Western states form review board to test safety of COVID-19 vaccine

Washington, Oregon and Nevada recently joined California’s COVID-19 Scientific Safety Review Workgroup to independently review the safety and efficacy of any vaccine approved by the FDA for distribution.



“California has led with science and data through the COVID pandemic and when a vaccine becomes available, we will leverage our scientific expertise to verify its safety to give everyone the confidence they need to make important decisions regarding the health of their families,” California Gov. Newsom said in a statement. “This virus transcends our borders and we are grateful to partner with our neighboring states though our Scientific Safety Review Workgroup for a healthy and safe path forward for all our communities.”

The governors of all four states will appoint public health experts to join the workgroup. The consortium will review all vaccines for safety before any are made available to the public in California, Washington, Oregon or Nevada.

“We believe in science, public health and safety,” said Washington Gov. Jay Inslee in a statement. “That is why I am pleased that Washington is joining California and other western states in this effort. Any COVID vaccine must be guided by the expertise of scientists and medical professionals and that’s just what this workgroup will do. The Western States Pact will continue working together to ensure the best health outcomes for everyone in our states.”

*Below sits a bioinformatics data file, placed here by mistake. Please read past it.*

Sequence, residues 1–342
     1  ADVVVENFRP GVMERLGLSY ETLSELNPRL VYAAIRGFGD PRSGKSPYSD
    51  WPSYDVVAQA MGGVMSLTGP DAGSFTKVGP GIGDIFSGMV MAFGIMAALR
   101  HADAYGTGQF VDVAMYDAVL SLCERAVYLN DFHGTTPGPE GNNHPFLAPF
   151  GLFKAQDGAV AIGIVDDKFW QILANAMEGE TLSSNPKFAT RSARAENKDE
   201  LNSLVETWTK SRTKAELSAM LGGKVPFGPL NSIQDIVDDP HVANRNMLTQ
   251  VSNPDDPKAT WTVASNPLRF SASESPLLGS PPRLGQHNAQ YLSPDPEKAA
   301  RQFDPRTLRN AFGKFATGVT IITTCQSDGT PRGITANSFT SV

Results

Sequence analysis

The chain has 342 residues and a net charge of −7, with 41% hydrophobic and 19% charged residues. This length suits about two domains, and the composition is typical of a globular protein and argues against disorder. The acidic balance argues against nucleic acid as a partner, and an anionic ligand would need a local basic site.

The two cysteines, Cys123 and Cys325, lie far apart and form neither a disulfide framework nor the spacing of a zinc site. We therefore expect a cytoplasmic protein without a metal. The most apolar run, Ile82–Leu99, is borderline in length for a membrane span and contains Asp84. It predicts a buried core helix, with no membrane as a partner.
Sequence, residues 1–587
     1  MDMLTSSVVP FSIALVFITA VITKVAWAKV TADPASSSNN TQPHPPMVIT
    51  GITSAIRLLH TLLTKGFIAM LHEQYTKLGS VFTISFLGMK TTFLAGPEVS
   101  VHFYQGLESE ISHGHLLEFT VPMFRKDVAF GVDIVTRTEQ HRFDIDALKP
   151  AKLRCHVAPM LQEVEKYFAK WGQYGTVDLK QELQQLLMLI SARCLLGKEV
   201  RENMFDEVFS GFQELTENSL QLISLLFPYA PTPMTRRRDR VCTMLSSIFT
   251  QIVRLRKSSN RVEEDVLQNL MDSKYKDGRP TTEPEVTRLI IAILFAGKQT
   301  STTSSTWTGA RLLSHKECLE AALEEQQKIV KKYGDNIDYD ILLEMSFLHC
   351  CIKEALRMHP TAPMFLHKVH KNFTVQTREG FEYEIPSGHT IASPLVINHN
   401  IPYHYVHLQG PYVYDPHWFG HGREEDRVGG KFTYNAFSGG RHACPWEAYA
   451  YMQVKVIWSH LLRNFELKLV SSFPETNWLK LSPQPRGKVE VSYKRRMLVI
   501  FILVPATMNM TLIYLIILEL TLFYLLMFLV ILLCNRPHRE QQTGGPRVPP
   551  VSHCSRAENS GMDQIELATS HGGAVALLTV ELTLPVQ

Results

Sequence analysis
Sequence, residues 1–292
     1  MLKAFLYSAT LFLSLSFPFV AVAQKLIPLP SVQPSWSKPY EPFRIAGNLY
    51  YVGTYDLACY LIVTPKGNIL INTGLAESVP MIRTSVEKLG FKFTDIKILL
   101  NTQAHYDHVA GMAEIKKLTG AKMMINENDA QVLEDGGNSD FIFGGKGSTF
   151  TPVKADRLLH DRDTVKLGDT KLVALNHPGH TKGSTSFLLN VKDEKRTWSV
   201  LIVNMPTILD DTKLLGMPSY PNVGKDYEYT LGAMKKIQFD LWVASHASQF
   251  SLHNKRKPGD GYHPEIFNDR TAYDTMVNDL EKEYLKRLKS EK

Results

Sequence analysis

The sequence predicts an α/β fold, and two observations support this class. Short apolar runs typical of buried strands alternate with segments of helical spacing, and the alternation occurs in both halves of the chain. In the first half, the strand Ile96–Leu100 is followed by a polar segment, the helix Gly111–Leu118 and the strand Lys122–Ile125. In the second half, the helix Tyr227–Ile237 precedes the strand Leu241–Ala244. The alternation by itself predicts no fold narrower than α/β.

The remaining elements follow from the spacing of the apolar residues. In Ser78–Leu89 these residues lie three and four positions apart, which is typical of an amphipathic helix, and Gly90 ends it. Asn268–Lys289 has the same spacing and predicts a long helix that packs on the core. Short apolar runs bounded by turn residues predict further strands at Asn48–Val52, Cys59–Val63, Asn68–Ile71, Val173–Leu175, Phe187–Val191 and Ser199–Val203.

The independent review conducted by this panel of doctors, scientists, and health experts will ensure that a safe and effective COVID-19 vaccine is available to everyone, especially communities that have been disproportionately impacted by this disease, Oregon Gov. Kate Brown added.

“The vaccines currently in development, once approved, are what Americans have been waiting for to protect their families, their children, and their loved ones in long-term care facilities,” she said.

This state-led review process is a trend being seen around the country, mostly in states with Democratic governors. New York, Michigan, West Virginia, Washington D.C.  and others are creating independent vaccine review panels. West Virginia, led by a Republican governor, is putting together an advisory group of 20 to 25 pharmacists and physicians to review COVID-19 efficacy data.

“The federal government’s response to COVID and the White House’s dispute with the FDA raises serious questions about whether or not the vaccine has become politicized,” New York Governor Cuomo said in a statement.  “Frankly, I’m not going to trust the federal government’s opinion and I wouldn’t recommend to New Yorkers based on the federal government’s opinion. We’re going to put together our own review committee headed by the Department of Health to review the vaccine, and I’m appointing a committee that is going to come up with a vaccine distribution and implementation plan on how we will do it. New York’s response to COVID has been a model for this country, and we should also be the model vaccination program for the country.” 

States can legally restrict the use of FDA-approved products, like vaccines. But those actions can be challenged in court, according to a report by Politico.

A Western states coalition, which included Colorado, collaborated in April when determining how to safely reopen economies. The consortium is also piloting a project to test new exposure notification technology pioneered by Google and Apple.